The Forest Creek condominium development, in foreclosure for the past year, has been sold. The new owners, who have experience in rehabbing abandoned and foreclosed properties, will begin completing exterior and interior work in the next few weeks and will start marketing the 18 residential units by March.

On Dec. 17, a Cook County judge entered a judgment of foreclosure against Bass Builders, transferring ownership to Private Bank and Trust Company, which was owed over $4 million in January 2009 when the builder defaulted, according to court records.

That set the scene for the sale of the building to Wilmette-based Jenny Builders on Dec. 30, 2009. The sale price was $1,275,000, according to Art Gurevich, vice president of Jenny Builders.

The development is located at 3627-31 Forest Ave. in Brookfield.

Gurevich and his business partner, Mark Boldun, met with village officials Monday to discuss both the company’s plans for the development and the village’s expectations. While the building has been boarded up since August and court documents stated that the property had myriad code and water damage issues, Gurevich said that the condition of the property is not a major stumbling block.

“It’s not something earth-shattering,” Gurevich said. “We’ve built similar buildings, using similar construction methods. We plan on working closely with village officials, the building department and neighbors.”

Boldun said that Jenny Builders will quickly complete the two model units that were largely built out before foreclosure proceedings began and then work to ready another four to six of the three-story, townhome-style units for sale.

As those units sale, the company will build out other units and market them for sale.

“If there are buyers, we can realistically finish the project in a year,” Boldun said.

Gurevich pointed to a recent project that he and Boldun completed at 3815 N. Kedzie in Chicago. The new commercial/residential building there had also fallen into foreclosure. They bought the property, finished work within a month and had contracts on six units within three weeks.

Their method is to buy distressed properties in areas where there is still an existing real estate market, finish the work and then sell the units “at lower prices than what’s around. And we still have a very nice product, better than what’s usually expected.”

Gurevich said that list prices for the condo units at Forest Creek have not been finalized.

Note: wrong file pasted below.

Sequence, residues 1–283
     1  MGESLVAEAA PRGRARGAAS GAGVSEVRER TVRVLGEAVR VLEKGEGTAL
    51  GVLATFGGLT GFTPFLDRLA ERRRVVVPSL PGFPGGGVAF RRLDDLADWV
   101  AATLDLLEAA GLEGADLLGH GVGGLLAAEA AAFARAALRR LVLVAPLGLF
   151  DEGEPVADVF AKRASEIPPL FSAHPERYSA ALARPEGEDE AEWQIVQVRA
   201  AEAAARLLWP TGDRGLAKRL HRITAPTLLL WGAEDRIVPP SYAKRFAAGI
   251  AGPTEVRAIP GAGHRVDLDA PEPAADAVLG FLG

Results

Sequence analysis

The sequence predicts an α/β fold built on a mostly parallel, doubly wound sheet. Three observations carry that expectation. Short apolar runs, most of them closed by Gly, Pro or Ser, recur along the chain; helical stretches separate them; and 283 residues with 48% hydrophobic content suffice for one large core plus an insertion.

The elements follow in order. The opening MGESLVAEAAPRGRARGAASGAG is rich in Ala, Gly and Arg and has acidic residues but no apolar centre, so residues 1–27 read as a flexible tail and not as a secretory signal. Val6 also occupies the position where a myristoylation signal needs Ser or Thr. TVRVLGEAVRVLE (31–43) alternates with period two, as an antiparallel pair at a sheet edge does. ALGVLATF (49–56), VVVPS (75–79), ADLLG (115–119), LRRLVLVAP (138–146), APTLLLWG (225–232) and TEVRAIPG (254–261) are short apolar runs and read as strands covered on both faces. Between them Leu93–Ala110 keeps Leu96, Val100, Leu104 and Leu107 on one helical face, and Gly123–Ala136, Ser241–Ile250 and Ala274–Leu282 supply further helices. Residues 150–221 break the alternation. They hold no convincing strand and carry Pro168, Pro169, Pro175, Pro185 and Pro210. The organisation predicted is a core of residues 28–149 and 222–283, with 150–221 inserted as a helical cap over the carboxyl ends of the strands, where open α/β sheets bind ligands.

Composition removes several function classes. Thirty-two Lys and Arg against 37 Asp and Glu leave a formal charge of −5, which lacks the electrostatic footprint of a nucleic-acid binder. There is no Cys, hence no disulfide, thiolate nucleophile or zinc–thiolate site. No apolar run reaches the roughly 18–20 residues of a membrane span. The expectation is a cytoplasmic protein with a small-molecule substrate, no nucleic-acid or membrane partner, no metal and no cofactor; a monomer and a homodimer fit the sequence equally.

Gurevich and Boldun have partnered on real estate developments for the past decade, just a few years after Boldun immigrated to the United States from the Ukraine, where he was vice president of a state-owned building company, Boldun said. Gurevich, originally from Belarus, emigrated from the former Soviet Union in 1979.

In addition to their work on Chicago’s North Side, the pair has developed condominium buildings in the Kenwood neighborhood of Chicago, winning accolades in 2003 from the Chicago Commission on Landmarks for new construction in that neighborhood.

Keith Sbiral, director of Brookfield’s Department of Building and Planning, said that Jenny Builders must meet the same building standards required of Bass Builders and must fix any aspects of the development that are out of compliance with code.

“The standard isn’t being lowered because of the crappy economy,” Sbiral said. “This needs to be a full-blown development. We didn’t pull any punches with them in what we require.”

All of the exterior work – fixing cracked concrete, putting retaining walls around pillars, finishing driveways – must be completed before the village will give a certificate of occupancy for any unit, Sbiral said.

“They’re dedicated to doing this,” Sbiral said.

Jenny Builders’ purchase of the Forest Creek development is the first positive news for the property since Bass Builders received zoning variances to construct the 18-unit development in 2006, part of which sits in the Salt Creek “100 year” flood plain.

The development received vociferous opposition from neighbors during the village approval process. Construction didn’t start until 2007 and was stopped for two months that summer over permitting issues.

When construction was largely completed in 2008, the real estate market had already begun to tank and the development suffered the effects of a “100-year flood” that September, when Salt Creek overflowed its banks and inundated the development’s central courtyard.

Bass Builders purchased two lots in 2006 for the development, paying just under $1.2 million for the property. They secured a $5.35 million construction loan from Private Bank in March 2007, but owed $4 million in January 2009 when the bank began foreclosure proceedings.